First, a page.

Is Your BBQ Loaded With Chemicals?

Would you like mustard, ketchup, or a dose of the industrial flame-retardant hexabromocyclodecane (HBCD) with your bratwurst? According to a new study at the University of Texas, your sausage may be topped with more than you know. Researchers examined 36 foods from Dallas grocery stores and discovered detectable levels of HBCD in 15 foods including […]

mens-healthby mens-health

Would you like mustard, ketchup, or a dose of the industrial flame-retardant hexabromocyclodecane (HBCD) with your bratwurst? According to a new study at the University of Texas, your sausage may be topped with more than you know.

Researchers examined 36 foods from Dallas grocery stores and discovered detectable levels of HBCD in 15 foods including fresh salmon from the seafood display, pre-packaged sausages, peanut butter, and canned chili. HBCD is fat-soluble, so it’s transported through fat–a common-ground with all of the affected foods. But that doesn’t mean something with a lot of fat will always have HBCD–it just depends on how much HBCD the food was exposed to. (Discover What’s Really In Your Food.)

It’s not clear just how harmful HBCD might be in humans, but animal studies have shown that it causes disruption in the reproductive, endocrine, and immune systems, and also has neurotoxic effects. It can take several months for your body to clear fat-soluble organic chemicals, and you likely consume more and more every day. “As these chemicals stay in your body, they continue to affect your health until they’re cleared,” says study author Arnold Schecter, M.D., a professor of epidemiology, genetics, and environmental sciences at the University of Texas.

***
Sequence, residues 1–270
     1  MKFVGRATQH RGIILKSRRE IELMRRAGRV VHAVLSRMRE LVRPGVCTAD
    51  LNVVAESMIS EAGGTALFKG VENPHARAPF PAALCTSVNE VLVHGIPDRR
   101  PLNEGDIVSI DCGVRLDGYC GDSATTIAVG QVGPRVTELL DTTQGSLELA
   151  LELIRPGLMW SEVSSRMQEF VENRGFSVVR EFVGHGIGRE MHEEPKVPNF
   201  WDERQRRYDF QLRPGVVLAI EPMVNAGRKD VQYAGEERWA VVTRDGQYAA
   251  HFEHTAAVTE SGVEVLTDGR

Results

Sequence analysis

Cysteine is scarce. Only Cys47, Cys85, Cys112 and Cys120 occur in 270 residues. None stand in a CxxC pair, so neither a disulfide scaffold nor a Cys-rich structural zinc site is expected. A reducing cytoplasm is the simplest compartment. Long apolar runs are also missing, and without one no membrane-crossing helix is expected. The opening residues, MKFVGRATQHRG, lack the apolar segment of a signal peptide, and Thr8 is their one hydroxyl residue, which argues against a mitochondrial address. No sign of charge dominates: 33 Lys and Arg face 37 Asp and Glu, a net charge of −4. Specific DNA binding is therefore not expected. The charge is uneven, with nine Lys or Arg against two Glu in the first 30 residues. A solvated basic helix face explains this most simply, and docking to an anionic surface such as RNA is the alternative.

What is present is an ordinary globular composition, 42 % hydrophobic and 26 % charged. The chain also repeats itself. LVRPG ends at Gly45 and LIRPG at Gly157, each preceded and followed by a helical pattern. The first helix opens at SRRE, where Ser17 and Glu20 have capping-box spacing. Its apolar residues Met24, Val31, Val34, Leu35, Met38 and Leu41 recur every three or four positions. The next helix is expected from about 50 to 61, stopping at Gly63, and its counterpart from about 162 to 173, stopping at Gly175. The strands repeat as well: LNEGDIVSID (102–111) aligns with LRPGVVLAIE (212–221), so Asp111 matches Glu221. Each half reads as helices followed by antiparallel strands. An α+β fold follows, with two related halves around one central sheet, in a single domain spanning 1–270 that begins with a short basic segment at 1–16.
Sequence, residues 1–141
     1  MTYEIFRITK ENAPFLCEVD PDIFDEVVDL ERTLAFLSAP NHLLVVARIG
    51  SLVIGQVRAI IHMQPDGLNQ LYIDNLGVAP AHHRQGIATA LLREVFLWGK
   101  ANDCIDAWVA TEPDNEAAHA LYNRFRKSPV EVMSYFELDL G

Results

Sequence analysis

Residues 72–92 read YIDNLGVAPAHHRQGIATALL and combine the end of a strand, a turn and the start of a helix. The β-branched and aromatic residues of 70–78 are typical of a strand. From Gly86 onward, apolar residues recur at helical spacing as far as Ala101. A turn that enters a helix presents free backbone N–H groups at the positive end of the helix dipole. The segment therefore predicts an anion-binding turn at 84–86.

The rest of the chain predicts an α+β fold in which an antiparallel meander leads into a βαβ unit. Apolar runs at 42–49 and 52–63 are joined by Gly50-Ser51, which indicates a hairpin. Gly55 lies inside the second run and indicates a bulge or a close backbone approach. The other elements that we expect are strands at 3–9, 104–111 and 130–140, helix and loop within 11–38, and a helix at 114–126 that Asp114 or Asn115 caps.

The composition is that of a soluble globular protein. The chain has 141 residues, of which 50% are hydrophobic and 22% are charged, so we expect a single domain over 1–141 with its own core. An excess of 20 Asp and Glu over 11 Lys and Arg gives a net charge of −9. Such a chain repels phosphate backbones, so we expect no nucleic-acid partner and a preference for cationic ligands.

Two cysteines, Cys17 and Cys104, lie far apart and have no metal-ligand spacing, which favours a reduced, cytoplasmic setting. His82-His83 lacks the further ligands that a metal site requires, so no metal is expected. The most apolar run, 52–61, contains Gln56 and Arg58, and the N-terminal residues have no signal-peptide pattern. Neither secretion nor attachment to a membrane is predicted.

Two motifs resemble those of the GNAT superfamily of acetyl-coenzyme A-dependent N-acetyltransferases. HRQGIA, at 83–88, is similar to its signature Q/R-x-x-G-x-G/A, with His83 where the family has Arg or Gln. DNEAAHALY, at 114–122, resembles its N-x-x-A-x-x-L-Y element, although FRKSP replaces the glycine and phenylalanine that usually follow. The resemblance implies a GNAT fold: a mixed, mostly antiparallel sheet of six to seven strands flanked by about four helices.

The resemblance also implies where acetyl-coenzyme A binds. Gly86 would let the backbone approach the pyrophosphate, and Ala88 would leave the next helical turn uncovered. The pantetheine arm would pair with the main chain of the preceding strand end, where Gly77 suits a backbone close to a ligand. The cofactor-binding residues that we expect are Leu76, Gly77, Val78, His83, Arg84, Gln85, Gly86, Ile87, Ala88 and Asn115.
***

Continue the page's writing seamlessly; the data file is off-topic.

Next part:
Another problem: It’s hard to blame the supermarkets. Fresh tillapia in one store had nearly 15 times the amount of HBCD as tillapia from another store, according to the study. (Should you go organic? Read The Truth About Organic Food.) “The amount of HBCD in different foods could depend on how they were packaged, particles of HBCD in the air, or even what the animals ate, since HBCD will work its way up a food chain,” says Linda Birnbaum, Ph.D., director of the National Institute of Environmental Health Sciences, and co-author of the study.

The best way to reduce your exposure: Take in more fruits and vegetables. They absorb hardly any HBCD because they don’t have fat, Schecter says. If you love your meat, choose mainly lean cuts, trim off the fat, and grill or broil your meat so the fat drips off. (Discover hundreds of healthy grilling recipes this summer with Grill This, Not That!) That way you’ll further cut down on HBCD and other fat-soluble toxins, while still being able to indulge in the occasional chili dog.